We’ve all been on trips for either business or pleasure and after a long day of traveling to your destination, all you look forward to is a hot shower or bath, a light meal, and the comfort of a peaceful night’s rejuvenating sleep.
Now you are finally ensconced in your hotel room and as the night wears on and darkness descends, you become aware of all the invading noises and cracks of light that play havoc with your time to rest. To boot, you are likely dealing with jet lag and the effects of crossing multiple time zones. We all know this throws off our circadian rhythm.
Here is how to make the best of a trip and get the best sleep possible. It is generally wise to plan ahead. In terms of dealing with the time zone change and the effects on your circadian rhythm, it is always best to take two to three nights ahead of flying and start going to bed in the time zone you are headed to. In other words, you are attempting to reset your biological clock, so that when you arrive at your destination you are already sleeping and waking in a new zone. Few actually do this, but if you are a light, sensitive sleeper, it’s always best to adapt ahead of time. It will save you much grief on the other end.
If you find that challenging to do, start your pre-sleep routine just that much earlier. Begin your meditation and relaxation pre-bed routine one-half hour earlier the first night and then an hour ahead the next night. Remember to adjust your morning rising time to accommodate the challenges of arrival, particularly if traveling eastward. The reverse is true for traveling westward – stay up later – get up later. It’s always easier traveling west than east.
If space allows, pack your own pillow. Recognizing the comfort of your own things while in a hotel room helps to encourage your ongoing restfulness.
Of course, having a quiet hotel room is essential. Pack your own earplugs. Make sure you have worn them ahead of time so you are used to them. The sound gets muffled but not totally eliminated (which would be a hazard in the case of an alarm). You need to be able to hear some noises. Earplugs help to mitigate all the strange sounds a hotel room will no doubt have.
Along with earplugs, you may want to consider toting your portable CD player or iPod. Bring along some peaceful, relaxing music or one or two of your meditation CDs. Having these comforting sounds with you not only reminds you of home but also when the headset is on it also helps to muffle strange hotel noises.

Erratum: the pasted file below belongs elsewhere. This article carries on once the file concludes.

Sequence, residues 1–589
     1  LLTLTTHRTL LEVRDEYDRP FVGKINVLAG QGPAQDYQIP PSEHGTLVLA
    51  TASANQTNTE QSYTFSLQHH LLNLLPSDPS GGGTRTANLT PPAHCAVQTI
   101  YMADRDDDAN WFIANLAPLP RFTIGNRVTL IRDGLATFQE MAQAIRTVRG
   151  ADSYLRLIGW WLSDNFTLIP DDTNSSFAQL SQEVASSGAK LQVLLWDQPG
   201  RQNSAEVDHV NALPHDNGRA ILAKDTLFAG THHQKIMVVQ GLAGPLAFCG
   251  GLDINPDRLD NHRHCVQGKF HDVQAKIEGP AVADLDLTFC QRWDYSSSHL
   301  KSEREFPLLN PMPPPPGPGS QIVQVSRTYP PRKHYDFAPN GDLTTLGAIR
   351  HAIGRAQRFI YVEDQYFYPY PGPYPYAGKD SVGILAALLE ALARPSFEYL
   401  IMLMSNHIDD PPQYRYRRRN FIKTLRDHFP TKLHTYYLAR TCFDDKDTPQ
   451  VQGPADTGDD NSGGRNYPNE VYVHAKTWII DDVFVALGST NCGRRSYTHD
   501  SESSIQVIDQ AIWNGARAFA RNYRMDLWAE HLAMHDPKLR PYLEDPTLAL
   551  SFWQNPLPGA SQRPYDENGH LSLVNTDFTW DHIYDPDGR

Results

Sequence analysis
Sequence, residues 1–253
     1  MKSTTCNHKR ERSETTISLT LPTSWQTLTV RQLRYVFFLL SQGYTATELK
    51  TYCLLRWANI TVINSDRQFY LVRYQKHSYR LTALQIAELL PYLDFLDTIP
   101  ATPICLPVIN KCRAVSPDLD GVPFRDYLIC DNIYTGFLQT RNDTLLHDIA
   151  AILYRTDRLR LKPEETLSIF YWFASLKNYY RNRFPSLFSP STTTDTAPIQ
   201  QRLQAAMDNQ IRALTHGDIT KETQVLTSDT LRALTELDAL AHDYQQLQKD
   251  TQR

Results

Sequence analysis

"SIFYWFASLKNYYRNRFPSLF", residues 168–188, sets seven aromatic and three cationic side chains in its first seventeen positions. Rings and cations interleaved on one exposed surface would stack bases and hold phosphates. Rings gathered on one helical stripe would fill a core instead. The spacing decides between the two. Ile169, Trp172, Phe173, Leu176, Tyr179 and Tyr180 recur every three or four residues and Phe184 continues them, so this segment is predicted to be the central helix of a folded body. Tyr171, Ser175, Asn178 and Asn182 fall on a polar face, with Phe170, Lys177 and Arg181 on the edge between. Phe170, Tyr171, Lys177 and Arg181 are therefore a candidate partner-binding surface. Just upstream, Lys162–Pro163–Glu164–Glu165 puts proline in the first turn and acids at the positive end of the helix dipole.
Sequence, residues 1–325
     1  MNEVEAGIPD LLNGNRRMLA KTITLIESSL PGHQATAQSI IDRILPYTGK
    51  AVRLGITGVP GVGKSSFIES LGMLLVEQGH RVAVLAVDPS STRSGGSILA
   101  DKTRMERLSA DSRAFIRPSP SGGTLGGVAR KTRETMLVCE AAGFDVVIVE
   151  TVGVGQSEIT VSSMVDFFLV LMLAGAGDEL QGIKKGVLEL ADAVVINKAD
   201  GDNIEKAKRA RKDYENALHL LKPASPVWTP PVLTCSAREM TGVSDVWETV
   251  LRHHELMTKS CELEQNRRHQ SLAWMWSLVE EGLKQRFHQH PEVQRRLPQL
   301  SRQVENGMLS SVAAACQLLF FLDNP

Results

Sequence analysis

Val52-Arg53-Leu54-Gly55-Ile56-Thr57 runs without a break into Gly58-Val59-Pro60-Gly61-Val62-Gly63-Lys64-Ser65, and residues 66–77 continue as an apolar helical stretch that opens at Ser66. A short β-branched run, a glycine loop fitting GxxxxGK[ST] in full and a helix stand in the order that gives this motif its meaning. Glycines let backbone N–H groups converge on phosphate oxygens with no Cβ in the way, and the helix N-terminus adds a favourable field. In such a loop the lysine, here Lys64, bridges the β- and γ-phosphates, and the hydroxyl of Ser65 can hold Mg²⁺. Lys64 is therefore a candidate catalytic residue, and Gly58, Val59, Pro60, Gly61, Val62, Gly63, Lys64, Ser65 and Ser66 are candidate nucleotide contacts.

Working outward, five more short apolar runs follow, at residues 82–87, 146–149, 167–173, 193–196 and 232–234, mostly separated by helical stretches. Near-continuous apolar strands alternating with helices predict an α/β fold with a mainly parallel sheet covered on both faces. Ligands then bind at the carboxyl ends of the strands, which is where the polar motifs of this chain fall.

When you arrive at your destination hotel, always request a quiet room – away from the freeway side of the hotel and away from the ding of the elevators and the clunking sound of the ice machine.
If possible, get a hotel that has operational windows. Fresh air is always more conducive to restful sleep than air conditioning. When air conditioning blows on you it creates an artificial environment and generally stuffs up your sinuses. Keep the room temperature 68 degrees or lower. Too hot and you will never slay asleep. Our bodies naturally prefer to be cool at night.
If you like essential oils, bring a small sachet scented with lavender oil. Lavender oil has been used for centuries to calm the body and mind. Place it on the pillow or nightstand next to you to help create a calming relaxing form of mind.
Always check the hotel room clock radio and alarm set to make sure it is in the ‘off position. Inevitably the cleaning maid may have knocked the alarm to the ‘on’ position or it may have remained in that position by the last hotel guest in that room. Don’t be awoken by the shrill blare of the buzzer alarm when you are dead asleep and need your rest.
Always make sure you turn off the phone ringer. It’s conceivable that you may receive a 4:30 AM wake-up call for the previous guest. Better to be safe than sorry.
To block the inevitable light of the hallway, consider just simply stuffing a towel at the bottom of the door. And make sure the drapes completely overlap from one side to the other so as to prevent morning light from seeping in. Light and sound are the two enemies of sleeping soundly.
Also, make sure you hang out the ‘Do Not Disturb’ door sign the night before. This way the hotel maid will not knock early in the morning wondering if you are still in your room.
If it’s late at night and you are starving and a meal is in order, make sure you make it a light meal such as soup and salad, a small sandwich, or even an appetizer rather than a huge full meal. Eating too much too late will end up being digested all night and likely prevent falling asleep or perhaps a digesting meal will wake you up. Consider having a cup of warm milk and if possible, ask for a teaspoon of vanilla and sugar to be added. All contribute to boosting the serotonin level in your brain, which helps with the onset of sleep. Avoid alcohol and cigarettes, as they are both stimulants.
And one last note. If there seems to be too much noise and rowdiness in a room next to you or even down the hallway, make sure you call the front desk and let them know. No one likes to wake up to the sound of a blaring TV or party revelers invading your sleep. I was once in a hotel room in Indiana where a basketball team had been playing and now staying in the same convention hotel as I was. Come midnight after their win and much partying, they started shooting ‘baskets’ down the hallway. Fun for them, but the rest of us suffered until security came and curtailed their partying. All hotels have a nighttime curfew usually 10 or 11 PM and if others are disturbing your peace, you have a right to inform the front desk. Don’t complain. Just state the facts calmly. They usually send up security immediately to rectify the situation. You have hotel rights too.
Sleep tight while traveling.